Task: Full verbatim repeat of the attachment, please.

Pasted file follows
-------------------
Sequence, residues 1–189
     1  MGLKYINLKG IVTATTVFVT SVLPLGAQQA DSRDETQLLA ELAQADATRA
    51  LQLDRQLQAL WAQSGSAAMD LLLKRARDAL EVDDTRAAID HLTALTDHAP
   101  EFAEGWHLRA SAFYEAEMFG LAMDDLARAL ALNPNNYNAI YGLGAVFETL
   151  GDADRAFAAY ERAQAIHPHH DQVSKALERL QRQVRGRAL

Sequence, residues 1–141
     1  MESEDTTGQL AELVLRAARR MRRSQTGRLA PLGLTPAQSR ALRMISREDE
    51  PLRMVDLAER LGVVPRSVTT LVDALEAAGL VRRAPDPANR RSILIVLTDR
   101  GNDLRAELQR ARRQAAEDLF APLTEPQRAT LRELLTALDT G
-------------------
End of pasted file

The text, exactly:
Sequence, residues 1–189
     1  MGLKYINLKG IVTATTVFVT SVLPLGAQQA DSRDETQLLA ELAQADATRA
    51  LQLDRQLQAL WAQSGSAAMD LLLKRARDAL EVDDTRAAID HLTALTDHAP
   101  EFAEGWHLRA SAFYEAEMFG LAMDDLARAL ALNPNNYNAI YGLGAVFETL
   151  GDADRAFAAY ERAQAIHPHH DQVSKALERL QRQVRGRAL

Sequence, residues 1–141
     1  MESEDTTGQL AELVLRAARR MRRSQTGRLA PLGLTPAQSR ALRMISREDE
    51  PLRMVDLAER LGVVPRSVTT LVDALEAAGL VRRAPDPANR RSILIVLTDR
   101  GNDLRAELQR ARRQAAEDLF APLTEPQRAT LRELLTALDT G